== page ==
Hijab-wearing model Halima Aden quits fashion over religious beliefs

By FRANCIS AKHALBEY | Content Manager

Francis Akhalbey is a Social Media techie, Writer and Content Manager. He loves basketball and dreams to make it in the NBA in his next life.

Hijab-wearing Somali-American model Halima Aden announced she’s taking a break from fashion citing her religious beliefs — Photo via @halima on Instagram

Hijab-wearing Somali-American model Halima Aden says she is taking a break from what she describes as the “toxic mess called fashion” after revealing she felt pushed to the wall to compromise her religion.

In a series of Instagram posts on Wednesday, Aden, who made history in 2016 when she became the first woman to wear a hijab and a burkini at the Miss Minnesota USA pageant, said the COVID-19 pandemic and the fashion break during that period made her realize where she “went wrong” in her “personal hijab journey.”

The 23-year-old cited several instances where she put her religion on the line in order to get work done, including missing prayers, not properly wearing a hijab or having it replaced with something else, and being styled in clothes she didn’t feel comfortable in.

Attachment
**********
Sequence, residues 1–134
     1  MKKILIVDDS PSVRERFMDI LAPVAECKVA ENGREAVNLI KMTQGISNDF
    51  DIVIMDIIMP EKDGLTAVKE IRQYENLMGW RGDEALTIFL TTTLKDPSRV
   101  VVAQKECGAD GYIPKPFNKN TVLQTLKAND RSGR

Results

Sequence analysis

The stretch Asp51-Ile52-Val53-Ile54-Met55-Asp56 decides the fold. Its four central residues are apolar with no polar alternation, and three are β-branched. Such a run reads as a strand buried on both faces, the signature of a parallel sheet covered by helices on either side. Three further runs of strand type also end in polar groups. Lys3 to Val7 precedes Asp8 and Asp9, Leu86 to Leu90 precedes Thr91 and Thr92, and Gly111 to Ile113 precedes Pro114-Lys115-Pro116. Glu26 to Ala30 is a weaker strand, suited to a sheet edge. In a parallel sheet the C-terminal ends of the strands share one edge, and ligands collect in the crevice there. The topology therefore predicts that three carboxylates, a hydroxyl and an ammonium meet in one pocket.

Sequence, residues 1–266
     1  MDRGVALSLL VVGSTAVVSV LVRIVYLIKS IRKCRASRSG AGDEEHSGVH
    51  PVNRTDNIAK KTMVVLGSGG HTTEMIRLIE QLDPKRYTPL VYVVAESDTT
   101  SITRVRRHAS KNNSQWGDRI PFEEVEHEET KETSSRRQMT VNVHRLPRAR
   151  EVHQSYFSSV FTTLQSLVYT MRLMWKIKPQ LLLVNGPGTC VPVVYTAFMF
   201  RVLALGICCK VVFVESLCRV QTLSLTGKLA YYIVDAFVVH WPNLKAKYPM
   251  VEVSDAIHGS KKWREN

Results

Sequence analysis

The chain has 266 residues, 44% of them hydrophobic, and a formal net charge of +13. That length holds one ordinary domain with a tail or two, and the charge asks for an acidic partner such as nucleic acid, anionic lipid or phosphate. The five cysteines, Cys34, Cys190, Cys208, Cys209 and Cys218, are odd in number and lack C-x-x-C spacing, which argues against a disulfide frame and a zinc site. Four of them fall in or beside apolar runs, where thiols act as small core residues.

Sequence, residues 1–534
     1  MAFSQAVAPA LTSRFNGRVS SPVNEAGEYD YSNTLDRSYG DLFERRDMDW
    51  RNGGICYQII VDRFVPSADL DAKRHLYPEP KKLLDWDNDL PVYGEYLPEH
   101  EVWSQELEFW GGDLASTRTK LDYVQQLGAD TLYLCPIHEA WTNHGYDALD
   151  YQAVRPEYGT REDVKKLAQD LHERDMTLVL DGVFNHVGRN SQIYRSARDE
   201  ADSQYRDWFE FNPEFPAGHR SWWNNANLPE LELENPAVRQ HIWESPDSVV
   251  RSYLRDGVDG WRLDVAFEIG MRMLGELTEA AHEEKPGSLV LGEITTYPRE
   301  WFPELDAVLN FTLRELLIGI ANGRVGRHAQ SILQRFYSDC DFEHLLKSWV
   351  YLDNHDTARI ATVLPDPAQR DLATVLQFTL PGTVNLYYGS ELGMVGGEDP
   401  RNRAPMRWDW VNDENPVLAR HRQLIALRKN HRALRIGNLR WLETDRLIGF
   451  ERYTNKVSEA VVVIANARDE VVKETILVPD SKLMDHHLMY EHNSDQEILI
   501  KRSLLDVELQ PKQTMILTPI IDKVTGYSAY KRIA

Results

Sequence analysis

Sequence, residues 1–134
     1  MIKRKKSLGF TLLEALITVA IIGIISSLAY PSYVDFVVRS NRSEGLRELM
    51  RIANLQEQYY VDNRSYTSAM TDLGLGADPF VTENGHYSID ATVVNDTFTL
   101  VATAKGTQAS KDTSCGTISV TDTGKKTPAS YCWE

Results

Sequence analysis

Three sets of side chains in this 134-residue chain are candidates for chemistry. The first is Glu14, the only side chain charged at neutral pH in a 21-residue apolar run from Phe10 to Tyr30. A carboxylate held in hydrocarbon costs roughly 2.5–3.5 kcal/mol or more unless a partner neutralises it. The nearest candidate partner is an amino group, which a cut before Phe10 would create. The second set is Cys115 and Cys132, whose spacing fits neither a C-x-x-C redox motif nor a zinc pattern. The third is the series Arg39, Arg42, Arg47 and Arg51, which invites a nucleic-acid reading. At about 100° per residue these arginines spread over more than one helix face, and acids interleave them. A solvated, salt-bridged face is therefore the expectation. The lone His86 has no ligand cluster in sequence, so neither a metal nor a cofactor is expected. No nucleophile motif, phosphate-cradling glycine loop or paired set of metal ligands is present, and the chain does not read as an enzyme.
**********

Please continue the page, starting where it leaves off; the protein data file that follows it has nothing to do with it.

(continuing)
“They could call me tomorrow and not even for $10 million would I ever risk compromising my hijab ever again,” she shared in one of her posts, according to CNN. She also said she’ll never feature in runway shows or travel for fashion months again, claiming “that’s where all the bad energy came from.”

Though Aden has chalked up several successes in her career and broken glass ceilings, she said the spotlight made her veer off her religious values.

“My mom asked me to quit modeling a long time ago,” she posted. “I wish I wasn’t so defensive. Sis was literally the only person who had the purest intentions for me.”

In her subsequent posts, Aden showed photoshoots with styles she said she shouldn’t have consented to wear, with one of them being a campaign for American Eagle where a pair of jeans was put on her head. The campaign was to launch the clothing line’s first denim hijab.

“But.. this isn’t even my style?? Never was,” she said. “Why did I allow them to put jeans on my head when at the time I had only ever worn skirts and long dresses?” Prior to that post, Aden admitted: “I was just so desperate back then for any ‘representation’ that I lost touch with who I was.”

Aden also shared another photo of a campaign she did for Glamour magazine in 2017 where she had feathers around her neck and was wearing a wrap under her hijab, CNN reported.

“I went back to my hotel room and just sobbed after this shoot because deep down I knew this wasn’t it. But was too scared to speak up,” she posted. “Also very common struggle when you are the FIRST to do something.”

A model of many firsts, Aden made history in 2019 when she became the first Muslim model to wear a hijab and burkini for Sports Illustrated’s swimsuit issue. She also featured in the May 2018 cover of British Vogue, making her the first hijab-wearing model in the magazine’s 104-year history. She was also one of the three models to feature on Vogue Arabia’s first-ever group hijabi cover.